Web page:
The largest benefits that the podcast has had on my life (and appears to still have) are the emotional benefits.  I started the podcast after listening to Rich Roll describe the effects it’s had on his social life, “It’s very personal, and I can tell you from having done the podcast for a couple of years now… when I travel to other places people will stop me on the street or on the subway, and they really do feel like they know you, and in certain respects they do!  I have 400 hours of me talking, out freely, out floating around on the internet.  They probably know me more than (they know) most people.”, To which Ryan Holiday added,  “You’re analyzing a person way deeper than you would ever get (to) with your friends”.  I have been open about the fact that I am making the podcast as a way to develop relationships and build intimacy with others, which is why I try to keep the tone focused on personal conversations instead of semi-professional interviews and I reveal so much about my feelings and personal life in every episode.  Although I didn’t think many people would listen to the podcast, I was curious to find out if people listening to the podcast would “feel like they knew me better”, the more they listened.  After releasing the first episode I was already reconnecting with friends I hadn’t talked to in years, on a level that I hadn’t experienced in a while.  People were telling me they cared about me, that they could relate to the moments where I opened up emotionally, and that they were available for emotional support whenever it sounded like I was dealing with something difficult.  So I leaned in, I opened up more, and decided, as a vulnerability challenge, that I wouldn’t publish a podcast episode unless I revealed things about myself that I was uncomfortable making available publicly (and for more recent episodes, even talking about privately).  Because I felt starved for intimacy (I touch on this in episode three) I hoped that the podcast could become a way that people could easily add a little more intimacy to their lives, so I try to have with difficult conversations with Ryan and our guests, and connect as well as I possibly can.  The primary positive feedback I receive from the podcast is that people’s favorite moments are those exact stories we were afraid to tell on air (Ryan’s LYFT story, my half marathon story, Ryan’s nightmare, …).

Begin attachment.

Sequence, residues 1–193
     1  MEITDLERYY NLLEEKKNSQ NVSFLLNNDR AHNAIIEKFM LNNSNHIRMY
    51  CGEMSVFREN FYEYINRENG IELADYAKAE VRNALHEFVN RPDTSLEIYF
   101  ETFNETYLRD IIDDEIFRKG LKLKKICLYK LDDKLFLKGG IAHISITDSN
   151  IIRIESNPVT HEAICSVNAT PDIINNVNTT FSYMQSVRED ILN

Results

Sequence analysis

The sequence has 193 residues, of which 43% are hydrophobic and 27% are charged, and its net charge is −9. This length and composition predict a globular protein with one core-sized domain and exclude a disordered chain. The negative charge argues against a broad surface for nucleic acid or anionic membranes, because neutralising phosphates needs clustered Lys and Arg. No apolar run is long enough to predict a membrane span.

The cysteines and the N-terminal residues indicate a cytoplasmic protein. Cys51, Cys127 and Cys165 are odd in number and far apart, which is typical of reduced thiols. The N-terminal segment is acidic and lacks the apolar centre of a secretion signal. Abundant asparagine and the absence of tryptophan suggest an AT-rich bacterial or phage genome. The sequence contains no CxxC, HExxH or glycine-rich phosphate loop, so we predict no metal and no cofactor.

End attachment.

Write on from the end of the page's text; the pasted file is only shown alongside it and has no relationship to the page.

What working on the podcast looks like

What working on the podcast looks like

Since beginning the podcast, I reconnected with Ray, Jamil, and Tyler all because they let me know they enjoyed listening.  I neither expected them to find the podcast, or thought that I would ever get back in touch with any of these people, but now I regularly spend time with Tyler, and Ray gives some of the most insightful and encouraging feedback for my podcast and website.  The podcast has dramatically increased the intimacy in my already somewhat established relationships.  I spent four years of my life either living in the same building as Brandon and Megan, or spending multiple hours everyday inside and outside of class with them, and I always felt like we were friends, but we were never really close.  In college, for whatever reason, we mostly ended up talking about school stress, and we never really moved past the location based friendship that the Astronomy/Physics double major provided us.  Now I have had extremely intimate discussions with both of them, and I feel like I actually know who Brandon and Megan are beyond the surface level, and I consider them both good friends.  I feel like I have already learned so much from these two, and I have so much more to learn that is much more impactful and applicable than how to solve the Lane-Emden equation or how to calculate uncertainties from a Monte Carlo simulation.  The podcast is even improving my longest and most intimate relationships.  Laura and I have been friends forever, but she’s a very busy person, and its hard to keep up on everything while we’re in different cities.  Since she started listening to the podcast I feel like she’s developed a deeper understanding of how I think, who I am, and what’s going on in my life.